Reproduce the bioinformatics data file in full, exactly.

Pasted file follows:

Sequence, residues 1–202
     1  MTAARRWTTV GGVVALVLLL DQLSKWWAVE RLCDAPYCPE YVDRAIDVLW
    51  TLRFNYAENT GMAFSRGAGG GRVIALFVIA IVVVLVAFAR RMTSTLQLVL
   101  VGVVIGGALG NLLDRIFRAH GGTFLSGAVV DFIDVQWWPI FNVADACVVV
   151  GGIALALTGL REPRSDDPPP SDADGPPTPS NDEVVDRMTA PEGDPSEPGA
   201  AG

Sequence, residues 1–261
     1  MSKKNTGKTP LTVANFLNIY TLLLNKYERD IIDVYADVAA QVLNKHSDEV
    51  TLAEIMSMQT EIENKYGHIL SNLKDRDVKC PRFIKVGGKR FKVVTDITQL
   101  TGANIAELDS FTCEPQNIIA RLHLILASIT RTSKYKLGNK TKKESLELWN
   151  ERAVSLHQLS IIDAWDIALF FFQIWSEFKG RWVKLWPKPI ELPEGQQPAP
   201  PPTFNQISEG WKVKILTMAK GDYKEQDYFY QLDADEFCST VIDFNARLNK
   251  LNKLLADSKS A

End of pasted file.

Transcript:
Sequence, residues 1–202
     1  MTAARRWTTV GGVVALVLLL DQLSKWWAVE RLCDAPYCPE YVDRAIDVLW
    51  TLRFNYAENT GMAFSRGAGG GRVIALFVIA IVVVLVAFAR RMTSTLQLVL
   101  VGVVIGGALG NLLDRIFRAH GGTFLSGAVV DFIDVQWWPI FNVADACVVV
   151  GGIALALTGL REPRSDDPPP SDADGPPTPS NDEVVDRMTA PEGDPSEPGA
   201  AG

Sequence, residues 1–261
     1  MSKKNTGKTP LTVANFLNIY TLLLNKYERD IIDVYADVAA QVLNKHSDEV
    51  TLAEIMSMQT EIENKYGHIL SNLKDRDVKC PRFIKVGGKR FKVVTDITQL
   101  TGANIAELDS FTCEPQNIIA RLHLILASIT RTSKYKLGNK TKKESLELWN
   151  ERAVSLHQLS IIDAWDIALF FFQIWSEFKG RWVKLWPKPI ELPEGQQPAP
   201  PPTFNQISEG WKVKILTMAK GDYKEQDYFY QLDADEFCST VIDFNARLNK
   251  LNKLLADSKS A